Title: Orchish Battle Hymns
Format: Cassette-only release on the Chanteloup Creations label (France), catalogue reference AWE65, released in 2000.
Edition: Limited to 200 hand-numbered copies
1. Thangorodrim 3.20
2. Shadow Of The Orcs 5.20
3. Ea – The Secret Fire 16.36
4. The Dragonslayer 12.21
5. Battle March (Outro) 1.34
Firstly you'll notice that I've kept the original title of the tape for this entry with the spelling as "Orchish" rather than "orcish" as it usually seems to be attributed/corrected elsewhere online. Frankly, I think it could probably be spelled either way but I'm not going to assume like most others that the title must be a typo. This Chanteloup Creations release from 2000 is one of the early Uruk Hai demos (the third, to be precise) and is a real swine to find now. This one - hand-numbered #31 - is the only copy I've ever seen for sale in years of looking for one, so you might reasonably conclude that this tape is a pretty rare collectable now.
Great cover art on this release too by the way (try expanding the photo by clicking on it for a better look), with the main cover panel showing a storming of the walls of a stronghold with scaling ladders, collapsed brickwork and breached walls.
Musically this is less in the ambient vein of later Uruk Hai releases, for reasons previously covered in this Blog - this was still a time when the battle-music of Hrossharsgrani (from which Uruk Hai sprang) still was a mighty influence on the direction of the band. As such, it's a pretty raw and primeval recording in some respects (although well produced, I would add) and features much in the way of black-metal influences on the vocals and guitars, and some militaristic pounding drumming a la contemporary Hross' demos.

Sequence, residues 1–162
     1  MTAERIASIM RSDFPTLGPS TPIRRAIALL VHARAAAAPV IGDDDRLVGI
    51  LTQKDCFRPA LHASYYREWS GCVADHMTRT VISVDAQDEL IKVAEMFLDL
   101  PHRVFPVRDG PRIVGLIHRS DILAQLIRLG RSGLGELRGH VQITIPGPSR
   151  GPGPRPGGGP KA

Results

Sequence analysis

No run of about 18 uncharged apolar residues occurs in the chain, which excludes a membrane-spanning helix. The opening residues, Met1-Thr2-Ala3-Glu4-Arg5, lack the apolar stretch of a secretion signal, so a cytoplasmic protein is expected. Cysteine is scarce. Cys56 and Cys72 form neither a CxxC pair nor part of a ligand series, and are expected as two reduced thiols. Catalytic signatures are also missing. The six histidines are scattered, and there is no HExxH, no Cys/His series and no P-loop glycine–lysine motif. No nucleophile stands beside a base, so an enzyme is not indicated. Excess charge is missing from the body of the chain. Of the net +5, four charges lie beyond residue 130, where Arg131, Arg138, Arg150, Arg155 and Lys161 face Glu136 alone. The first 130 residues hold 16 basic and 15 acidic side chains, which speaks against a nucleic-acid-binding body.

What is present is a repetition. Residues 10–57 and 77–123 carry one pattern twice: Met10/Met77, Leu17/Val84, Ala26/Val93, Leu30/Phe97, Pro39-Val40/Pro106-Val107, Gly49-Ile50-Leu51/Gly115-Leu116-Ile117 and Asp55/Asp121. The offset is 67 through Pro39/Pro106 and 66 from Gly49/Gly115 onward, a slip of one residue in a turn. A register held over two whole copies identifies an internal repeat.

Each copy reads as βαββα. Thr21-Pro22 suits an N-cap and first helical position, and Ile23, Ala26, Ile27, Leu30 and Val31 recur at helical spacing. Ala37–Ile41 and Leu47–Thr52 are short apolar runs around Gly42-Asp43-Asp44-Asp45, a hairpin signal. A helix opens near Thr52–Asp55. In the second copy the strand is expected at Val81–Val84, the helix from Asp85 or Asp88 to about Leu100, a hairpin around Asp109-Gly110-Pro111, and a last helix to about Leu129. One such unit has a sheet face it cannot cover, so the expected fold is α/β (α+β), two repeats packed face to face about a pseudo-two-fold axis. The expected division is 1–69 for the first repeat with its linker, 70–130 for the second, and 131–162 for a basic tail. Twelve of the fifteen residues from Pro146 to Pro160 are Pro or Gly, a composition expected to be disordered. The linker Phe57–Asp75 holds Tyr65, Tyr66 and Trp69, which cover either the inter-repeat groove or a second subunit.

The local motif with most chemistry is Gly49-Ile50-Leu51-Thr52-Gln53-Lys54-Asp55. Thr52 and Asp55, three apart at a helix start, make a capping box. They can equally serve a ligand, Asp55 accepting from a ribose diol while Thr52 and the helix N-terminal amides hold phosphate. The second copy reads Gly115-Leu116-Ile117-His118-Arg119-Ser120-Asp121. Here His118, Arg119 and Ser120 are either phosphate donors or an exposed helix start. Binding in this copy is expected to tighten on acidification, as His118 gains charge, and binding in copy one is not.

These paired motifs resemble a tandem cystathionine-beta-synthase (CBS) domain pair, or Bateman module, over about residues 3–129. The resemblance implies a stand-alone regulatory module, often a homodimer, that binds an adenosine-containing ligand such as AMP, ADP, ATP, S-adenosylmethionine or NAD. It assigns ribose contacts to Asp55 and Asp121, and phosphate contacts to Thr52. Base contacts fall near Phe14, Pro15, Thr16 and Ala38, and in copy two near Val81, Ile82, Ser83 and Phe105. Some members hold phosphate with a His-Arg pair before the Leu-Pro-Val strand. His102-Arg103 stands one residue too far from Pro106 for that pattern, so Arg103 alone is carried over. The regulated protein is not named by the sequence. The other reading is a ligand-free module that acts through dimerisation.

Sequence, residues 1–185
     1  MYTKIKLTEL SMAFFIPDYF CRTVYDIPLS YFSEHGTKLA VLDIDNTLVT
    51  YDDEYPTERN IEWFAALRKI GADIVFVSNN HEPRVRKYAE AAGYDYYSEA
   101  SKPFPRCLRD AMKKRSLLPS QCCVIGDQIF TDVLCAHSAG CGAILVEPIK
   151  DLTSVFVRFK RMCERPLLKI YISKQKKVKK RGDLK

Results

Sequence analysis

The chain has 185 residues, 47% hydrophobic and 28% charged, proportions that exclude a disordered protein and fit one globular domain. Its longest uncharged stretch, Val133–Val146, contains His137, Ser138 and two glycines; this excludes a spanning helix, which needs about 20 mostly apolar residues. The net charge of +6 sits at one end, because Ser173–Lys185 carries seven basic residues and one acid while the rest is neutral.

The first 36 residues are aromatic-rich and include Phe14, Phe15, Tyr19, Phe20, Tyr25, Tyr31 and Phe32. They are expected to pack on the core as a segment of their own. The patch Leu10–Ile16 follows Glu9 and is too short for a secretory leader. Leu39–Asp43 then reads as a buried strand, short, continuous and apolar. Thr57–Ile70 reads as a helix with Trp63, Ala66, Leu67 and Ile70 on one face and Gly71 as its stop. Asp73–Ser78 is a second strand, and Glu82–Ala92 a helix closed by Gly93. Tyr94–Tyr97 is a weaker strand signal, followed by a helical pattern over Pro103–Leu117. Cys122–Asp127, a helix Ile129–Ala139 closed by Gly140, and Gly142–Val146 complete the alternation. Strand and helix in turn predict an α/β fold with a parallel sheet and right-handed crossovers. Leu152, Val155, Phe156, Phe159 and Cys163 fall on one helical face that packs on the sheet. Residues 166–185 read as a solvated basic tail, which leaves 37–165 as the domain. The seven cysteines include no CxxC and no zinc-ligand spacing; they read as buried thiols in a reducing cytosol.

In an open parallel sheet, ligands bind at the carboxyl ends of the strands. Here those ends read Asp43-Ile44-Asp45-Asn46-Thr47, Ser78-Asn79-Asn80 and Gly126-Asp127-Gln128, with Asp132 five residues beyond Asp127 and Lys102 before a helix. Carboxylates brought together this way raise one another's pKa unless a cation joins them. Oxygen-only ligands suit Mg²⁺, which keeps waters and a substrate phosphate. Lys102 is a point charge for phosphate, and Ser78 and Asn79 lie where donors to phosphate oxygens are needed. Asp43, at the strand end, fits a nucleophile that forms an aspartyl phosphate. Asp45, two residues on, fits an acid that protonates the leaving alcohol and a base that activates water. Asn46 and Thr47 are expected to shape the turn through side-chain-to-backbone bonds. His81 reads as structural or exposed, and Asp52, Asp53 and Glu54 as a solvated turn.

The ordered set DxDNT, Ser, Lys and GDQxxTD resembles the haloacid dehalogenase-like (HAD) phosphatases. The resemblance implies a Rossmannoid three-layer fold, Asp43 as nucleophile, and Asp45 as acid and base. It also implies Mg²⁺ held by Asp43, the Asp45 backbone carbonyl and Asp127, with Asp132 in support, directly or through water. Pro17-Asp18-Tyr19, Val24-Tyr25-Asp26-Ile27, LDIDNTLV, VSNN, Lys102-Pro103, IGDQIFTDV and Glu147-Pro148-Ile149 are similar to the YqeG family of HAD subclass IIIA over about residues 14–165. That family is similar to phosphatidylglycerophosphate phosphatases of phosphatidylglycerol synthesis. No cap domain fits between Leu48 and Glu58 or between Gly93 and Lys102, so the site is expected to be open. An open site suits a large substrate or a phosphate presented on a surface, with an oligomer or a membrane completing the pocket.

A brief review of this demo appeared in the online postings of http://www.arcananoctis.com/ and read as follows:
Less an analysis and more of a description to be fair, but still - good to see some other press about one of Alex's releases! I've also seen this release described as "Mystic pagan ambient with battle atmosphere and black metal touches" which I suppose is a good summary overall too.
If you do enjoy this genre of music there is much to enjoy here - from the thunder and cawing of ravens that opens "Thangorodrin" (in the works of Tolkien, 'Thangorodrim' was said to have been the piles of slag from Morgoth's furnaces and rubble from the delving of Angband, or three volcanic peaks in the Iron Mountains, depending what you read) to the subsequent (and rather good) medley of frenetic drumming and bell-like synth 'chimes' finale ends that ends the second song "Shadow of the Orcs" it's a bright start to the demo.
Third track "Ea - The Secret Fire' is a bit of an epic, but well constructed and keeps your interest throughout. "The Dragonslayer" is a mesmerizing mix of samples and music, with a guttural spoken chorus that lends the piece some real atmosphere right the way through to the sampled finale where medieval fighting scenes will spring into your mind's eye. You may also be interested to know, by the way, that according to the cosmology of Middle-Earth 'Eä' is the Quenya name for the universe, as a realization of the vision of the Ainur. The word comes from the Quenya word for to be. Thus, Eä is the World that Is, as distinguished from the World that Is Not. Both an educational Blog as well as fun, Nazgul is delighted.
Closing outro "Battle March" is a straightforward rhythmic march led by 'parping' keyboards (think of those large trumpets that announce royalty) underpinned by a steady drumbeat, overlain with a light melody on keyboards.
As a final thought, the inlay notes from Alex record the tribute "The songs are dedicated to SKOGEN" and without going into any specific detail I'd like to take this chance to echo this tribute too, and hail the hard work and dedication behind the scenes (and, indeed, behind the UG 'scene') of this mysterious, shadowy form....